OCHA continued to support the roll-out of the UN integration policy, while ensuring integration measures supported principled humanitarian action. With DPA and DPKO, OCHA led analysis and discussion on UN integration and humanitarian space. This process included many humanitarian and non-humanitarian partners. An independent study was issued, outlining several recommendations that OCHA will help implement in the next biennium.
UN Humanitarian Civil-Military Coordination (UN-CMCoord) capacity was enhanced in OCHA country offices through developing and delivering tailored training packages at the country and regional level, e.g. Haiti and the Regional Office for West and Central Africa.
In response to the North Africa crisis, a tailored UN-CMCoord assessment package was delivered to OCHA Libya. UN-CMCoord country support was also delivered to OCHA Somalia in Nairobi and Mogadishu.
- Eight new partnership agreements were signed in 2011 with corporate-sector actors, non-profit organizations and academic institutions.
Humanitarian coordination now requires a more imaginative and inclusive approach, and new forms of engagement that go beyond partnerships with traditional humanitarian organizations. Due to the variety of non-humanitarian actors now engaged directly or indirectly in humanitarian work, in 2010 and 2011 OCHA initiated and consolidated partnerships with different groups, such as military respondents, corporate-sector actors and non-profit organizations.
OCHA’s relationships with political and peacekeeping missions remain essential. The roll-out of the UN policy on integration should give these relationships a new coherence. OCHA developed the integrated-mission planning work that was carried out in 2010. It focused on field support, looking to ensure that integration processes and mechanisms helped support humanitarian activities.
However, despite overall improvements in the level of collaboration and coordination between humanitarian actors and DPA and DPKO missions, UN integration policy was still criticized by humanitarian actors. They warned of its tendency to undermine impartial, neutral and independent humanitarian action. With IASC partners, OCHA argued for greater analysis of the issue, and in December 2011 an independent study on UN integration and humanitarian space was completed. The findings and recommendations, which will be taken forward in the next biennium, underscore the need for a context-driven approach to integration, grounded on a thorough analysis of the potential consequences of integration for humanitarians.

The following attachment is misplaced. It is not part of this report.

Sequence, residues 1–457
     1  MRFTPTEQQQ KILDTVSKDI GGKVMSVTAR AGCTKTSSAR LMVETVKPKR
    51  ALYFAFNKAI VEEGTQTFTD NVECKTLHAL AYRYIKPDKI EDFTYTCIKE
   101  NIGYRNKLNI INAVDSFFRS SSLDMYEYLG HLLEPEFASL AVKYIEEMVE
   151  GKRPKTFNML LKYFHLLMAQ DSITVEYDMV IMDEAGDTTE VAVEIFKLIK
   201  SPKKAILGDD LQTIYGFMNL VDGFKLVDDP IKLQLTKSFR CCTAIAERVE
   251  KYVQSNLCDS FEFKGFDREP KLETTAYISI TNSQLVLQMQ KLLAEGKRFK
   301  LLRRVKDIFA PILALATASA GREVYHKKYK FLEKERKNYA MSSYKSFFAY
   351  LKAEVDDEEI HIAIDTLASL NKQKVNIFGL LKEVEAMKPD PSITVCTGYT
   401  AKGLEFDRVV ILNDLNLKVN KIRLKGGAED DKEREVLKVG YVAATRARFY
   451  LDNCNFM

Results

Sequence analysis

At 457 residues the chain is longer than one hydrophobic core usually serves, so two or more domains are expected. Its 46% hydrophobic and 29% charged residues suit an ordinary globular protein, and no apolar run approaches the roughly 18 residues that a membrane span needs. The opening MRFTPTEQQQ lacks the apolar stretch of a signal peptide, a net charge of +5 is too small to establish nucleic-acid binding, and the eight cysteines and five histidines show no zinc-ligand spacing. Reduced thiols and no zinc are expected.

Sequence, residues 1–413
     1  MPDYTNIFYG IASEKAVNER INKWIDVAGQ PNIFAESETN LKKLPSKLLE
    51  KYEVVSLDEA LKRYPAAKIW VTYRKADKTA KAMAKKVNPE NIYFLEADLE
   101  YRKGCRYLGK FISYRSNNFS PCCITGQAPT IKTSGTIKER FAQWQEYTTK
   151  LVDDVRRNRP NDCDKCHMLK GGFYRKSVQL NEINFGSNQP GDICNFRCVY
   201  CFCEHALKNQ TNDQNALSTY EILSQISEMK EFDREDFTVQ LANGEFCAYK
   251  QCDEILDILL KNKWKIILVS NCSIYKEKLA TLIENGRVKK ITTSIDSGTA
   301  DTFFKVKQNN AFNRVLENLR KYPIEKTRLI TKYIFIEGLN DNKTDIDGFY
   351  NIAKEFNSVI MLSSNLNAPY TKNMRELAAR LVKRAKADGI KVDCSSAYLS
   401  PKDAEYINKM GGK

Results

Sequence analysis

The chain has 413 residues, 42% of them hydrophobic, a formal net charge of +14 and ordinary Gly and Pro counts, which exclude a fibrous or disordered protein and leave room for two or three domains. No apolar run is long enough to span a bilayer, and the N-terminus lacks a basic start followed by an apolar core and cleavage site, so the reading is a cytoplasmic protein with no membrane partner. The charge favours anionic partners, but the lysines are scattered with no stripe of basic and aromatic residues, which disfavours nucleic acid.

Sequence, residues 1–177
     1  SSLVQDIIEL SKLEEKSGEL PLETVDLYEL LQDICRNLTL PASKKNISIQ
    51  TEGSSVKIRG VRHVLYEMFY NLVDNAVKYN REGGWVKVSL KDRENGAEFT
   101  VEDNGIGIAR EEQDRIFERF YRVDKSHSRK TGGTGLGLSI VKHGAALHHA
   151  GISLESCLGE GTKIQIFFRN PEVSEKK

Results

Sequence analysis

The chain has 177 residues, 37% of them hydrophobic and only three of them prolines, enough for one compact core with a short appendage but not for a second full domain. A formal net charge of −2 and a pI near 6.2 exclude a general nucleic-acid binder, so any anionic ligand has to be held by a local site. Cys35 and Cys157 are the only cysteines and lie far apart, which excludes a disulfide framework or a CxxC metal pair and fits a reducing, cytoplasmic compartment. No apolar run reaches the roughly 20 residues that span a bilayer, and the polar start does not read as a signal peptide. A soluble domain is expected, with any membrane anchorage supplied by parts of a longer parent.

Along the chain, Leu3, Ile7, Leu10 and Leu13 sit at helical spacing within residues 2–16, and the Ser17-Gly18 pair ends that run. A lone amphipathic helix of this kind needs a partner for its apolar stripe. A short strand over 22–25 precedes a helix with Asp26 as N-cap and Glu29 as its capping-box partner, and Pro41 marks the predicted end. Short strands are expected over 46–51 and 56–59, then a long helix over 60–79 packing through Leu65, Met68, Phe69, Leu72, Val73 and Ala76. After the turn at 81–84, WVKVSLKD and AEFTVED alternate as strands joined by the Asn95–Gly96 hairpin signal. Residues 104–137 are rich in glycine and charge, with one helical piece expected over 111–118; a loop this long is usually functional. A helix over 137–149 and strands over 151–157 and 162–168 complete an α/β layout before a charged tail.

OCHA maintained its leading role in UN-CMCoord. A strategic engagement with DPKO and peacekeeping forces, including pre-deployment training to civilian and military staff, has aided their understanding of humanitarian action, while regional civil-military networks and coordination mechanisms continue to grow. This has helped relationships and general interaction in the field. In the North Africa and Horn of Africa crises, the dissemination of civil-military operational guidance proved instrumental in informing and directing the international community on the appropriate use of military assets to support the humanitarian response, particularly in the Libya and Somalia situations. The use of specific UN-CMCoord packages to OCHA field offices has been judged successful. There will now be a wider global application of UN-CMCoord.